Just remember it's all fun and games til we see you trying to run from the cops or crash on one of the infamous twisty roads out there.

You're 17. You are going to want to go fast and do wheelies and do other hooligan things. You know it and I know it. If you do not currently realize you are going to be a hooligan at times, you will after you start to figure out what your bike can and can not do. It's a normal progression. Gear up, get training, practice until you can operate the machine without thinking about it. I heavily suggest you keep the hooligan stuff for off road until you can get your skill level to a point where you are not going to immediately be a threat to other riders or drivers around you. Your basic training to have your motorcycle endorsement/license is not enough. The more time you spend on a motorcycle, the more you realize your "training" will never end. There is always something else to learn or work on. Even professional riders log hundreds of hours of practice each year.


I love my DRZ400sm but I do not rely on it as my primary machine. It has it's purpose and it does a good job at that, but as others have stated it's not a long(er) distance machine. If you are using it for commuting less than 50 mile runs at a time, I think you will be very happy with it. Keep in mind I say this as a owner of 7 motorcycles including two dedicated long-distance touring bikes.

Very easy to add a trunk (like a Givi) so you can throw school books or other things (laptop, tablet, etc.) and ride where you need to be.

When you want to learn a new "trick" or start thinking about doing this or that with your bike... search for those things on youtube so you have an idea of how things can go badly and plan for it accordingly.


Whatever bike you get, the day it's no longer FUN - it's time to make a change. Enjoy your bike despite those who say negative things about it. Have fun with it, but be safe.
I do know I will end up doing hooligan stuff. I know the consequences of doing it because I have been riding motorcycle since I was 3. I'm not stupid like most teens my age and I don't put my self in situations where I will hurt myself and especially others. I will have to do a lot more research before I come up with a decision. And the drz-e has more hp stock that's why I want one to convert or find one already street legal
 

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Could someone school me on Husky's? I keep hearing that their maintenance schedules are very strict and frequent, but I've never actually heard a definitive answer. I've always liked the look of the Husky's, but if it's not really a commuter, then I don't want anything to do with it.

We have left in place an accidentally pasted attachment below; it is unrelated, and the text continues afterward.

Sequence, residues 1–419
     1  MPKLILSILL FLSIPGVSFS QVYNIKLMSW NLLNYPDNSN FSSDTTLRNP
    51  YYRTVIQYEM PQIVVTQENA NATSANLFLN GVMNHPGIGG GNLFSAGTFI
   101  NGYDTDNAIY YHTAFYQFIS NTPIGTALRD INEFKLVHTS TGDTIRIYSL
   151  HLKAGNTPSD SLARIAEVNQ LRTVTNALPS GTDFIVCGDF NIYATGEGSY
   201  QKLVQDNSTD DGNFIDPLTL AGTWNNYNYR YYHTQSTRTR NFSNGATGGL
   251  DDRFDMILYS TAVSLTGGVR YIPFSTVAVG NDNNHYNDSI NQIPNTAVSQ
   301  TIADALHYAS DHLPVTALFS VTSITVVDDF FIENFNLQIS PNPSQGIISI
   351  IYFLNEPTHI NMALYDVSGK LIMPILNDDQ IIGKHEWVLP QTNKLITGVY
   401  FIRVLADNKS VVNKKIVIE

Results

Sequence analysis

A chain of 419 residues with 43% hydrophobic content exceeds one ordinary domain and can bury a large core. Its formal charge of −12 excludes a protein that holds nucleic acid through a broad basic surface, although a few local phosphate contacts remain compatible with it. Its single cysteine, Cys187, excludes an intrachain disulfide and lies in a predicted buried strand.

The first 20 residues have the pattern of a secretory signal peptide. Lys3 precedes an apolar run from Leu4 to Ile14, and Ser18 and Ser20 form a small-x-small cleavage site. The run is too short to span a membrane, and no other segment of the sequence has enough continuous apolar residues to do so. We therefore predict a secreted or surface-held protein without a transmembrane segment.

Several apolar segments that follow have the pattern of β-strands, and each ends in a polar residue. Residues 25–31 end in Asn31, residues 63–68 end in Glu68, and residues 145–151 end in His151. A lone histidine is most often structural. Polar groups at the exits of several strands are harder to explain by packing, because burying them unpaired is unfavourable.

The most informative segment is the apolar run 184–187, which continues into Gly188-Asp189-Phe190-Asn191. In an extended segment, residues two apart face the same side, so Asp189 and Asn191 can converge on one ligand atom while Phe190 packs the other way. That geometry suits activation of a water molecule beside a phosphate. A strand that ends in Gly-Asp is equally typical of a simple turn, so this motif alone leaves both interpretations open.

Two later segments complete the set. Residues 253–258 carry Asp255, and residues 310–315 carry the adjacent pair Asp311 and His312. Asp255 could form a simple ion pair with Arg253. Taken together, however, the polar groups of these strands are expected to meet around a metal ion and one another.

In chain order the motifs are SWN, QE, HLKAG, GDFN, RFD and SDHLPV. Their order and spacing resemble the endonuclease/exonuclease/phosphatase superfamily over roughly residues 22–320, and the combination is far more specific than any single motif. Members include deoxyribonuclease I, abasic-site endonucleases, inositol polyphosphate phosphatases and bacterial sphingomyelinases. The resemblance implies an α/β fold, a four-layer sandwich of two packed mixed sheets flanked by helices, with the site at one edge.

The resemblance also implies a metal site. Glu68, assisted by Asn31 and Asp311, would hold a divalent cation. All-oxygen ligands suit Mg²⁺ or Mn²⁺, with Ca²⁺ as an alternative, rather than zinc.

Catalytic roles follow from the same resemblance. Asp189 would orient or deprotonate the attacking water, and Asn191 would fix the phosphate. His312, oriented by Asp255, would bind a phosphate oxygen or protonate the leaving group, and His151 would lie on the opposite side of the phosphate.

Any input?
 

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Could someone school me on Husky's? I keep hearing that their maintenance schedules are very strict and frequent, but I've never actually heard a definitive answer. I've always liked the look of the Husky's, but if it's not really a commuter, then I don't want anything to do with it.

Any input?
Razrbakk,

I need some schooling too. I have been lurking around for bout 2 years and might be getting an 06 SMR 510 w 3000 from a 47 year old grandpa. It has no mods and is clean enough to eat off. The issue is reliability. Don't mind checking valves and 500 mile oil changes. I want to rid it as a commuter, 10 miles both ways, no highway. I have heard they an go 13,000 without a problem, or they need a top end at 3,000. Real feedback from ole who has one would be greatly appreciated.
 

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I've noticed a lot of repeat questions in the original "best street-tard" thread, and also that a lot of people don't want to read through all 47 pages. I've gone through all the posts in the previously mention thread, and I think I've summed it up fairly well. I've anyone has any more info to ad, go ahead, but please don't fill it up with "which is better, drz vs. husky 510".

****************************************************************

STREET:

KTM LC4 640, 3000 mile oil changes. Great for commuting. They require (relatively) little maintenance, and are not "pure race motors" at all.

KTM 625, excellent bike, excellent components, excellent handling. There is no reliability drawback over anything else, it's fast and fun. The 625SMC is arguably one of the best street-tards. KTM does all the hard work for you and sells them street legal from the factory. Their only drawback is that they vibrate. Bad. Some people think it shakes too much for street riding.

Where does the KTM 525 exc fit on this list?